Pablo Martinez Monsivais, Associated Press
ST. PETERSBURG, Russia — President Barack Obama acknowledged deep divisions at home and abroad on Friday over his call for military action in Syria — and conceded the possibility he'll fail to sway the American public. He refused to say whether he would act without passage of congressional authorization for a strike in response to chemical weapons use.
Setting the stage for an intense week of lobbying in Washington over the strike resolution, Obama said he planned to make his case to the American people in an address Tuesday night.
"It's conceivable at the end of the day I don't persuade a majority of the American people that it's the right thing to do," Obama acknowledged. "And then each member of Congress is going to have to decide."
Obama, speaking at the end of a two-day Group of 20 economic summit, earlier held a surprise meeting with Russian President Vladimir Putin, a chief opponent of U.S. military action. Both Obama and Putin said that while they still disagreed, the meeting was constructive.
Obama, in his post-summit news conference, seemed to be feeling the burden of the challenge he faces in persuading the American public, the international community and Congress to back military action. But he expressed confidence the American people and lawmakers, weary after long-running wars in Iraq and Afghanistan, would listen.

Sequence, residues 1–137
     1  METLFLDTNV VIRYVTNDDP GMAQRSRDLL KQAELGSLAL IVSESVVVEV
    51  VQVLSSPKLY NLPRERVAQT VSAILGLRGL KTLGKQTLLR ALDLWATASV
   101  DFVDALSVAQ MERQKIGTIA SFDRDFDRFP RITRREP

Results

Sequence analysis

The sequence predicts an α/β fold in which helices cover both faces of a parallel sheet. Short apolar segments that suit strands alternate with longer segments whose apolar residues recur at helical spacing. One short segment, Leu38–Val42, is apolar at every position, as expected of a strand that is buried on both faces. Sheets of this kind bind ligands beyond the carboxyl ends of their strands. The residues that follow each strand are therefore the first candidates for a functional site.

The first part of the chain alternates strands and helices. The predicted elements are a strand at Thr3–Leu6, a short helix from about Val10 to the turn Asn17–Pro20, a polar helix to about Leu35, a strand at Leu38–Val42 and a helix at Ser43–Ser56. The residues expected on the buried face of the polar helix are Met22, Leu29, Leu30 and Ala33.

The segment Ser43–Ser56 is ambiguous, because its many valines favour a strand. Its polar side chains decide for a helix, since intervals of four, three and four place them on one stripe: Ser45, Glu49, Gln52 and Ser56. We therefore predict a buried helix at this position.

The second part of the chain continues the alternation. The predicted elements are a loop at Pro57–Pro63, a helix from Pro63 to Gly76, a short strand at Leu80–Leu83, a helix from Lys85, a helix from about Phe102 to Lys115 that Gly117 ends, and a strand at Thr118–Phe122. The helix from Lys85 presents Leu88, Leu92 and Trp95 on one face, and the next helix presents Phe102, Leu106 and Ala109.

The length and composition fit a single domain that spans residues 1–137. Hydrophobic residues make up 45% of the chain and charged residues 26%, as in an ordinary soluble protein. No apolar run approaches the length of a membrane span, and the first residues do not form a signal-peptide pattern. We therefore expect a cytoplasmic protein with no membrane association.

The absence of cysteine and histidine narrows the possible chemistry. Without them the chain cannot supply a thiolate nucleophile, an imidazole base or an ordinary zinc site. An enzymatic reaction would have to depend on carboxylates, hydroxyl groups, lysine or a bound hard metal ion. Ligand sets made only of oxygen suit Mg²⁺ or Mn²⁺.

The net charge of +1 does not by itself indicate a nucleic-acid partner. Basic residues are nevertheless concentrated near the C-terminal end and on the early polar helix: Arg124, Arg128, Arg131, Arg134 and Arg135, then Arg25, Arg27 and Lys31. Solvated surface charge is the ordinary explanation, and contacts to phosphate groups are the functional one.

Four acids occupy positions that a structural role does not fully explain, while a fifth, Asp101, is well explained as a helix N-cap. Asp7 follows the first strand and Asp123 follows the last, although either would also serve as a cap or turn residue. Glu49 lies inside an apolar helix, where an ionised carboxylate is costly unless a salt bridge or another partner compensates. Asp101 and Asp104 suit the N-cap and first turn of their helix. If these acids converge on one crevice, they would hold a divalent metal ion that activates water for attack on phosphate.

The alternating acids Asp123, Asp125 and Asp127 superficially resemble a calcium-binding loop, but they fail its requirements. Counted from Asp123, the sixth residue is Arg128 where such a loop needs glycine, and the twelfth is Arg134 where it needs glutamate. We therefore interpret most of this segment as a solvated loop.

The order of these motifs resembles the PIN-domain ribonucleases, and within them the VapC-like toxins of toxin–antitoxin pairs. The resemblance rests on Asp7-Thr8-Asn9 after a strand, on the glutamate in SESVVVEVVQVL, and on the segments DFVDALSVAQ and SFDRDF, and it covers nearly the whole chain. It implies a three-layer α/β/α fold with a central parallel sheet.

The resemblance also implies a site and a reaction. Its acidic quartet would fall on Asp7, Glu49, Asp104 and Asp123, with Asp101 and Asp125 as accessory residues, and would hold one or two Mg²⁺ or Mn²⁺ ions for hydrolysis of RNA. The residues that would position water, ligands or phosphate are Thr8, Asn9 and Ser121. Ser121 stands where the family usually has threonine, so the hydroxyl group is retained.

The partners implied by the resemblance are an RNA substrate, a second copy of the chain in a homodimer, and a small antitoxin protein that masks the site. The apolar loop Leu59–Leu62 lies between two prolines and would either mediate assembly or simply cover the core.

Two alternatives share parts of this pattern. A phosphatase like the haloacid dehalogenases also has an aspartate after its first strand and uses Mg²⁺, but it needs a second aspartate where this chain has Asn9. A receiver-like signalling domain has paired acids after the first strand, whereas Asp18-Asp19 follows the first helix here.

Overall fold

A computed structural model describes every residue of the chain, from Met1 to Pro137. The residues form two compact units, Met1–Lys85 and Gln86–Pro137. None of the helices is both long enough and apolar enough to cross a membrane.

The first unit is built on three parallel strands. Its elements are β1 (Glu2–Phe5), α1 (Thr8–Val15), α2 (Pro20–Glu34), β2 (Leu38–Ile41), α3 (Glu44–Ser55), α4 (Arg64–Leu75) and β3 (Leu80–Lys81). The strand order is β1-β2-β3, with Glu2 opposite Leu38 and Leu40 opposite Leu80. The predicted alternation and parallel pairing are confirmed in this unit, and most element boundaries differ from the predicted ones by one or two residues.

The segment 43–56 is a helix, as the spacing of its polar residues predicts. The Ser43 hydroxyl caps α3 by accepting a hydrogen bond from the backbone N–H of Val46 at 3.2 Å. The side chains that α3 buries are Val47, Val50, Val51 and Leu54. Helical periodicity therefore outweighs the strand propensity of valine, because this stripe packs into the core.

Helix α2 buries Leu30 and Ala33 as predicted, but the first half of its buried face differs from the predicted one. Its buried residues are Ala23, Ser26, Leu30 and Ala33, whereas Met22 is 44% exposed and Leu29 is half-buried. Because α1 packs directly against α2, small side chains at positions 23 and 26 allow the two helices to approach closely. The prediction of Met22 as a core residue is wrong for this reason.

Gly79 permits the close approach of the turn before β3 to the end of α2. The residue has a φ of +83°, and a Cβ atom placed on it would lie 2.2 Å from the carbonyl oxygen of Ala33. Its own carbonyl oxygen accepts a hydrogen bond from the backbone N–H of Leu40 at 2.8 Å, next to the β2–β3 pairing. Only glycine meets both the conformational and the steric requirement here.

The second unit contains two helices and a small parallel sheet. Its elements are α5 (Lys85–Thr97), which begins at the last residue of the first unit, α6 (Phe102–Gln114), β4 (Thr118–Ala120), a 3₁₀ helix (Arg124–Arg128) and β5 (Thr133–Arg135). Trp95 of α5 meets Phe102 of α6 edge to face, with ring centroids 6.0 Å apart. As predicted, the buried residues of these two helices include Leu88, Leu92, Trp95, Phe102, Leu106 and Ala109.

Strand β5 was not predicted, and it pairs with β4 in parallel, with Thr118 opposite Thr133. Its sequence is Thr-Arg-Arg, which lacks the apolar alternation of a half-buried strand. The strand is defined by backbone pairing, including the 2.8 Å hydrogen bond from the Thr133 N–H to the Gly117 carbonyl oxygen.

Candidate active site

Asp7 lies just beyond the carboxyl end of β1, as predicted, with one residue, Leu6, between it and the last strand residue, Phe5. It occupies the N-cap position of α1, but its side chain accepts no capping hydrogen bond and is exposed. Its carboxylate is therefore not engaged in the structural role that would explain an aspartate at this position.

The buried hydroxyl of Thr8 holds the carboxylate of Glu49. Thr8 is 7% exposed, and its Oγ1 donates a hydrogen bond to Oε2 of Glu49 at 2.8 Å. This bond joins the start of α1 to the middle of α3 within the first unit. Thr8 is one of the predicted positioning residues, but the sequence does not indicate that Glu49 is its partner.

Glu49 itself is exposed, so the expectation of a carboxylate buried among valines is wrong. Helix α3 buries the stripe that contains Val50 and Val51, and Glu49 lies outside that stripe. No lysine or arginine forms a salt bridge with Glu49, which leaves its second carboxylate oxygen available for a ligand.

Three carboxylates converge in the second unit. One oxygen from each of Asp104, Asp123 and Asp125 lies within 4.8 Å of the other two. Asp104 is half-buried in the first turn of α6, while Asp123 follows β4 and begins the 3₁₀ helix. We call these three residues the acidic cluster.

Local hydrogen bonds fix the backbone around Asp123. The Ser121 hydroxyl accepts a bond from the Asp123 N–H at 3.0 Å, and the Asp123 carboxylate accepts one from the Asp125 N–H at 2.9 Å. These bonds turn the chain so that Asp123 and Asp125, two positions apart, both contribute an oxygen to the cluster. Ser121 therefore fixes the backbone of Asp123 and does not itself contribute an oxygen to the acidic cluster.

"I trust my constituents want me to offer my best judgment. That's why they elected me. That's why they re-elected me," he said.
He said he couldn't honestly claim there was an imminent threat to the United States from the chemical weapons use in Syria. But he argued action was essential to uphold prohibitions against the use of weapons of mass destruction.
Ten members of the Group of 20 joined the United States in a joint statement accusing the Syrian government of carrying out a chemical weapons attack on civilians last month and calling for a strong international response against the government of Syrian President Bashar Assad. The statement stopped short of explicitly calling for military action against Syria.
The countries signing the statement with the U.S. were Australia, Canada, France, Italy, Japan, South Korea, Saudi Arabia, Spain, Turkey and the United Kingdom.
Seeking to rally support back in Washington, the administration planned another classified briefing for all lawmakers next Monday night after Congress returns, and White House Chief of Staff Denis McDonough planned to attend the closed-door Democratic caucus meeting Tuesday morning, according to a congressional aide.
Although surveys showed a significant number of House Republicans and Democrats opposed to military action or leaning against it, officials in the leadership insisted it was premature to say the resolution could not be approved. At this stage, just a third of the House and Senate have participated in classified briefings and Obama is still reaching out to lawmakers.
Still, final passage rests on significant votes from House Republicans and Democrats, and the administration is struggling to reach those numbers.
Obama said he and other leaders at the summit had had a "full airing of views on the issue" during a three-hour dinner Thursday night. He said many foreign nations would be issuing statements on their positions, but he didn't say whether any specifically had joined France in supporting his move toward U.S. military strikes.
He said the leaders were unanimous in believing that chemical weapons were used in Syria and that international norms against that use must be maintained. He said division comes over how to proceed through the United Nations.
Obama also held an unannounced meeting with Russian President Putin, a staunch ally of Assad.
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